“There is a real sense of pride among the workforce about this program and what we are doing to help people in this situation.” – Diane Samaroo, chair of Australia & New Zealand Diversity and Inclusion Council, Ericsson.
Since Ericsson commenced partnering with CareerSeekers in July 2016, six CareerSeekers participants have interned with the company. Ericsson are looking to increase that number to 10 or 12 interns by the end of 2017.
“There is a real sense of pride among the workforce about the program and what we are doing to help people in this situation,” says Samaroo. “Our business strategy is driven by creativity and innovation and it is very much focused on building a pipeline of talent. In order to maximise that, we need to have a diversity of thought, skills and experience. CareerSeekers has enabled us to bring into the organisation people from a variety of backgrounds, who have different experiences to those people who are already here.”
CareerSeekers is being helped by Social Ventures Australia [SVA] which helps organisations to access grant funding and build networks, and make their donations go further – as well as providing advice on how to scale programs.
J.P. Morgan is supporting SVA and Career-Seekers to assist this segment of the community gain access to quality jobs. Rob Priestley, CEO of J.P. Morgan Australia and New Zealand, says: “Through this program, which matches skilled labour with private sector employment opportunities, we are committed to improving the lives of those in our community who have started to adapt to a new way of life, and who have the right to work but need guidance on developing their careers in Australia.”
J.P. Morgan’s support enables CareerSeekers to deliver pre-employment training for 102 participants, who will then complete a 12-week paid internship with the aim of converting into a full-time job aligned with their professional background.
Among the federal government’s list of skills shortages are professionals in IT, financial services, engineering, agriculture and horticulture, automotive trades, building and construction, childcare, health and social assistance. Combs notes that a lot of humanitarian migrants have engineering, IT and financial services backgrounds and they can help fill those shortages across multiple industries.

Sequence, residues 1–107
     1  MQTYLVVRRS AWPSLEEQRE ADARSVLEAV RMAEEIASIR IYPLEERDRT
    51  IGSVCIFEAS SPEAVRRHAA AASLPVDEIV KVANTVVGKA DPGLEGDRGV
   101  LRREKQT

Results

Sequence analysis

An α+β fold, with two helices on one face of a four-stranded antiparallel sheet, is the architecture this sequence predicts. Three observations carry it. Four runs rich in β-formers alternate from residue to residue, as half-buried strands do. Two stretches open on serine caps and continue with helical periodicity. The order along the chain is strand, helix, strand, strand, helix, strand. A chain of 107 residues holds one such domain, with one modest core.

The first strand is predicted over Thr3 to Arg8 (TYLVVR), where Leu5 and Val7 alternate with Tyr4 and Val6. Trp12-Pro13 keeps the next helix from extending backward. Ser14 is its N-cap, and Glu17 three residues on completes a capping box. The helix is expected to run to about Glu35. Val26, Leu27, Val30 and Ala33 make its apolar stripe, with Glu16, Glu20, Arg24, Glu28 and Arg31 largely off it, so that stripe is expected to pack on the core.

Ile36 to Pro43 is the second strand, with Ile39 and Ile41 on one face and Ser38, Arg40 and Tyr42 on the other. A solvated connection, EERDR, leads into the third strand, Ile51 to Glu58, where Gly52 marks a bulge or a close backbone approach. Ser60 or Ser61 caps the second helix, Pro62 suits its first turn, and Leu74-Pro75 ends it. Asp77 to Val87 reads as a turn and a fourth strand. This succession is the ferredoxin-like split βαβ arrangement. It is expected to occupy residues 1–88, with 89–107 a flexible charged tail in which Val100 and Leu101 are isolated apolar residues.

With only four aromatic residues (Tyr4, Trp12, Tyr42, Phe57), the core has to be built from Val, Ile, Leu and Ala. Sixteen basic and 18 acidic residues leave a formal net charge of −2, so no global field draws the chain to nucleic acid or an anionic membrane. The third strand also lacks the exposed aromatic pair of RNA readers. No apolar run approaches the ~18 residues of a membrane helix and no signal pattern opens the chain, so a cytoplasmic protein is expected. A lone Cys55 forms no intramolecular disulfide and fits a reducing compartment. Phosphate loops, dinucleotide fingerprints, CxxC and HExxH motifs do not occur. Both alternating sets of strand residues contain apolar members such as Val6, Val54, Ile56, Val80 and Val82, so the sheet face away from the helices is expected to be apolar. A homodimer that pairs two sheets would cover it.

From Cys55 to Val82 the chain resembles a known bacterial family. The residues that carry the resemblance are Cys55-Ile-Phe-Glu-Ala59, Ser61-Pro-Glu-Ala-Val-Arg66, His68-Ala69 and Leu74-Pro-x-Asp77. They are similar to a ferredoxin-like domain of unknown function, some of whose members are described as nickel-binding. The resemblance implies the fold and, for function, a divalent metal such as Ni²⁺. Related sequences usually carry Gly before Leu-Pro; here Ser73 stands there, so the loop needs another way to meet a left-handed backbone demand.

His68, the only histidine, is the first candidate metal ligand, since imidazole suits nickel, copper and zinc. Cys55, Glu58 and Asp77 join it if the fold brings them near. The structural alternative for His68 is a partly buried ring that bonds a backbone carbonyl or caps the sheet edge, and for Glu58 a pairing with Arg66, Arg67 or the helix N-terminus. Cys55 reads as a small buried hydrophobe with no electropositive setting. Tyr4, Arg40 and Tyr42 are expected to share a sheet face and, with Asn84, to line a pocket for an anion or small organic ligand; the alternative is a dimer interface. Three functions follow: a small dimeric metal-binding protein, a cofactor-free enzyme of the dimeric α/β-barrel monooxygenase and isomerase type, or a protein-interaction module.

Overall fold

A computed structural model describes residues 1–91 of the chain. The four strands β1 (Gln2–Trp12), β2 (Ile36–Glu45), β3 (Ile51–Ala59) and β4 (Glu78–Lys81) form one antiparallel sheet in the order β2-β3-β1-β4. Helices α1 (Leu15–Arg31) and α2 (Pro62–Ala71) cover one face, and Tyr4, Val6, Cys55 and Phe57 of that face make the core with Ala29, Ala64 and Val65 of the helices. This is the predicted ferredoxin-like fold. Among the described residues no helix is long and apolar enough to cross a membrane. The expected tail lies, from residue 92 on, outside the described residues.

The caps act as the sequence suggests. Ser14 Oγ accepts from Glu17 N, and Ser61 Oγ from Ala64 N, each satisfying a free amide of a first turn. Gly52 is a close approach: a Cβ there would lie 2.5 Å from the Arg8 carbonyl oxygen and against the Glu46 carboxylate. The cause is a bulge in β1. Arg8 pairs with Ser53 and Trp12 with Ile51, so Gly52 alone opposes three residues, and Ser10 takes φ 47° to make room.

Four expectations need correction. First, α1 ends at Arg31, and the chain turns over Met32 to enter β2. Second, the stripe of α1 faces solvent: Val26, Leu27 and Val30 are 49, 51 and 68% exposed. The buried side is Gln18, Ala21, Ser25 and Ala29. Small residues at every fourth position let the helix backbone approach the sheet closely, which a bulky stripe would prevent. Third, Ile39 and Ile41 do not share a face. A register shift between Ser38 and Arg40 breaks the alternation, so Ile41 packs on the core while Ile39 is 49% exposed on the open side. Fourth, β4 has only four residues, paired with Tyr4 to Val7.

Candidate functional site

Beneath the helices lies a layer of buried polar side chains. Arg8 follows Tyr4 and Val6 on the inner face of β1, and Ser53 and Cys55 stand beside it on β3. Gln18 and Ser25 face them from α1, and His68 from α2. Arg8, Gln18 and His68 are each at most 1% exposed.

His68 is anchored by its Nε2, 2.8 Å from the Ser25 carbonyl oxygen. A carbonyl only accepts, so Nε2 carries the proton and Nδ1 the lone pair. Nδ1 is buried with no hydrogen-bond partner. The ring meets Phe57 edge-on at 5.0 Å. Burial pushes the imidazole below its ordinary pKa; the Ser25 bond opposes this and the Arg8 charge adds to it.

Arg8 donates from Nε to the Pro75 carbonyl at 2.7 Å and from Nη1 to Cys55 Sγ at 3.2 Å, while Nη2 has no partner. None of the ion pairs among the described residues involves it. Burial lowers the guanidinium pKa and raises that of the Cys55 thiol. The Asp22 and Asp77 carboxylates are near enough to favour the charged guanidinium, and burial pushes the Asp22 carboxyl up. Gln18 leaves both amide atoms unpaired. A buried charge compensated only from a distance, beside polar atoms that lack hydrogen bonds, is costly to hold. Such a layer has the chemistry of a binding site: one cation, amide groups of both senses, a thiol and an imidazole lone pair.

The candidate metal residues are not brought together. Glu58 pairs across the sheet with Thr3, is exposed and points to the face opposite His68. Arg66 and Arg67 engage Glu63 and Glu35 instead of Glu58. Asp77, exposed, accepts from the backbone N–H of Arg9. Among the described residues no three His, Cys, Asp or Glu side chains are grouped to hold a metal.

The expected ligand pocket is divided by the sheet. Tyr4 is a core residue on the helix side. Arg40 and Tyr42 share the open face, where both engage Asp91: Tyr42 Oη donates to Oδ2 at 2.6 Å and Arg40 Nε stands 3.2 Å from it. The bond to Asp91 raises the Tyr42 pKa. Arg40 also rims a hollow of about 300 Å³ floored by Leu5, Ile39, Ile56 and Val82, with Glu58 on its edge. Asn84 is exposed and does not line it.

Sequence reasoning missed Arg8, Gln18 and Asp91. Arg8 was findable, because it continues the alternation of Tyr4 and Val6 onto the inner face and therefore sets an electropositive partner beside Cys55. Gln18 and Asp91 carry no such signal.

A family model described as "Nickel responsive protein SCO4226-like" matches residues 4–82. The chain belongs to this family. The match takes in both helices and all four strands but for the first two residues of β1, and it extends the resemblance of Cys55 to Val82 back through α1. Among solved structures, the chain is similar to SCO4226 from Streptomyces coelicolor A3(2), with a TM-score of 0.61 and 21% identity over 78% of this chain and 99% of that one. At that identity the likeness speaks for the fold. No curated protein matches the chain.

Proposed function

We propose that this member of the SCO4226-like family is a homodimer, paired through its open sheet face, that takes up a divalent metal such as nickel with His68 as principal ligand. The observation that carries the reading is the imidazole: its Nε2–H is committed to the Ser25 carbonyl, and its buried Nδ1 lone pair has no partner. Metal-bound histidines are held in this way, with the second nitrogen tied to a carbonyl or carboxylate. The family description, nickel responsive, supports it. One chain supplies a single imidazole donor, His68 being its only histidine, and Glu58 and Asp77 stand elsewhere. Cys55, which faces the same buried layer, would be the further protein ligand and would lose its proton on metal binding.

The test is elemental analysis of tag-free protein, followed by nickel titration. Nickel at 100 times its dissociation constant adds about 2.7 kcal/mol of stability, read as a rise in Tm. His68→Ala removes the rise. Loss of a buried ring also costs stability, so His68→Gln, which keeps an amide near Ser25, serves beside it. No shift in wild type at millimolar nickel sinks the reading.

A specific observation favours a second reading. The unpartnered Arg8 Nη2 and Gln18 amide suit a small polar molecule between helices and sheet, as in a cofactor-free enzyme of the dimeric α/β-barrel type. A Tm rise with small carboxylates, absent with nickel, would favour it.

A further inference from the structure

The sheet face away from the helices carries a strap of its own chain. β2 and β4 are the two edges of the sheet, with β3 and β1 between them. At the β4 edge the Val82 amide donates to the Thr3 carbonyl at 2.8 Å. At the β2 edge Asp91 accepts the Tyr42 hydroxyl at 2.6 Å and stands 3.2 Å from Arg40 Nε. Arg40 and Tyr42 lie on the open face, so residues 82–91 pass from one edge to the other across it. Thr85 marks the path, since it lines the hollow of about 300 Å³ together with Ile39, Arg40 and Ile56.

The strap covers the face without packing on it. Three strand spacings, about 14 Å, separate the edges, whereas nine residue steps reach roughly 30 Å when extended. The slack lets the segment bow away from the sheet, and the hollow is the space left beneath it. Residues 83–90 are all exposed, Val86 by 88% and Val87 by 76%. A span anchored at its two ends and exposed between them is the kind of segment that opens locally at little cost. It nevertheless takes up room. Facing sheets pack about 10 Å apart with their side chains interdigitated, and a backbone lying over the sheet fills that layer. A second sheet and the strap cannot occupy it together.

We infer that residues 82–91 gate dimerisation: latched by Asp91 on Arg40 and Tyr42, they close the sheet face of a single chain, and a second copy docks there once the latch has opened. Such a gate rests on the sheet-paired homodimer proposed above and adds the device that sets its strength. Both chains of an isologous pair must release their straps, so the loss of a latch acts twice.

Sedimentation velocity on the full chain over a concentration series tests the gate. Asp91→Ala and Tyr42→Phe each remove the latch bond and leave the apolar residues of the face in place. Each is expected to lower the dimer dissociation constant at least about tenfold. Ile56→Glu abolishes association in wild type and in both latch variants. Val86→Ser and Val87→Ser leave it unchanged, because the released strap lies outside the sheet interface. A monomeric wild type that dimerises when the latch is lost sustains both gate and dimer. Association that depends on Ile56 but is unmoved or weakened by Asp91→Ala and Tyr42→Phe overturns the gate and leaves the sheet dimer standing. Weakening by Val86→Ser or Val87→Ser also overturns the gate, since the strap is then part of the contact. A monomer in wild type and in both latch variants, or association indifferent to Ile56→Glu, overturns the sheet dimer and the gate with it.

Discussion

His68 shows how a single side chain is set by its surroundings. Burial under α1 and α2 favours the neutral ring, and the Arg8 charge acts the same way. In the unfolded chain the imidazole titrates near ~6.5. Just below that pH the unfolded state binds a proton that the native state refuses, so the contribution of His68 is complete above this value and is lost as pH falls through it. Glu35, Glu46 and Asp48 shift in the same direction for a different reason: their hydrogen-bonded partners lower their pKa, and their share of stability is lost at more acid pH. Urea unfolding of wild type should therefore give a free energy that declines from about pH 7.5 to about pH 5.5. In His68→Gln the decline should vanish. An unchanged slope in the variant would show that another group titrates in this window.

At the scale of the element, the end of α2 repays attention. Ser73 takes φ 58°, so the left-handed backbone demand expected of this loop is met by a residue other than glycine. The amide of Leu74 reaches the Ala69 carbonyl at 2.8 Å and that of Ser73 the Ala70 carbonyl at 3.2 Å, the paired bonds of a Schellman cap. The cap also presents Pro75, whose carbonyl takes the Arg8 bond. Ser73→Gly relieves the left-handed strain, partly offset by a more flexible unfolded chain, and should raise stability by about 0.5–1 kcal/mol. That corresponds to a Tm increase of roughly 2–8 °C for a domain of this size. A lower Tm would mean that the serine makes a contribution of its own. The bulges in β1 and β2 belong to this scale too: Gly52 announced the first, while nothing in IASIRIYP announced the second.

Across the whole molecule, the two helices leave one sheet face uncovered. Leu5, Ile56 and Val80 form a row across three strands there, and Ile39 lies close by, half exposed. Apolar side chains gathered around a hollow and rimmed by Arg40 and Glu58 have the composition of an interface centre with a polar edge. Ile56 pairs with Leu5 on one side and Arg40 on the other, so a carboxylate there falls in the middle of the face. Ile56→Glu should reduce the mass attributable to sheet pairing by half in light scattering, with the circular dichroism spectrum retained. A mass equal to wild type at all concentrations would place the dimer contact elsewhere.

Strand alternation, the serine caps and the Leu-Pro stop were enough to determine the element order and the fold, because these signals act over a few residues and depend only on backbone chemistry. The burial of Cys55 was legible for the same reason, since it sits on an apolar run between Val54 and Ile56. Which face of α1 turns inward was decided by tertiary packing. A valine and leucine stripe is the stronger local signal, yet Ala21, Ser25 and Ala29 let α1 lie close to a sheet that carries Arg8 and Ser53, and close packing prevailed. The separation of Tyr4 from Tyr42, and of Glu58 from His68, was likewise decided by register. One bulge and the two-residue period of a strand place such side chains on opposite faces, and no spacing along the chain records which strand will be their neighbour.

“The first questions organisations ask, are: ‘Are you an Australian citizen? Are you a permanent resident in Australia?” explains Combs. “But what they really want to know is: ‘Do you have working rights?’ We are starting from a place of ‘here is good talent that you want to hire anyway, but your current systems and practices stop that from happening’. Our job is to clarify those baseline processes that excludes pockets of our community from being hired, so there is a level playing field when it comes to employment.”
“Everyone in my office has been kind, welcoming and supportive. Each day I am learning something new, an opportunity I would have never got in my native country.” – Rami Yousifani, IT intern and humanitarian migrant
Permanent forced migration, however, comes with its own set of challenges, he says. “It’s about making sure that the people who are resettling here have a solid understanding of Australian workplace culture, the humour, things like sport and the ceremonies and rituals in which we partake, because it’s unique.”
Yousifani is gradually picking up the Australian way during informal conversations with his colleagues over lunch. He values the freedom, flexibility and above all safety he experiences in Australia.
“This feeling of being safe when I am going to work and getting home, is most important. My office in Baghdad was only a short distance from home, but it was fraught with danger. I had to be always on my guard and be on the lookout for a safer route, to dodge bullets and exploding [landmines]. It was so stressful that it made it difficult to concentrate and enjoy what I was doing. Here, even though I have a 90-minute daily commute each way, I am relaxed,” he says with a smile.
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Fact sheet: Asylum seekers entering Australia
In addition to the 17,555 visas granted under the 2015-16 Humanitarian Program, the Federal Government announced it will take an additional 12,000 people displaced by conflicts in Syria and Iraq.
Between July 2015 and March 2017, 21,483 visas were granted to applicants from the two countries under the Humanitarian Program.
Statistics from Department of Immigration and Border Protection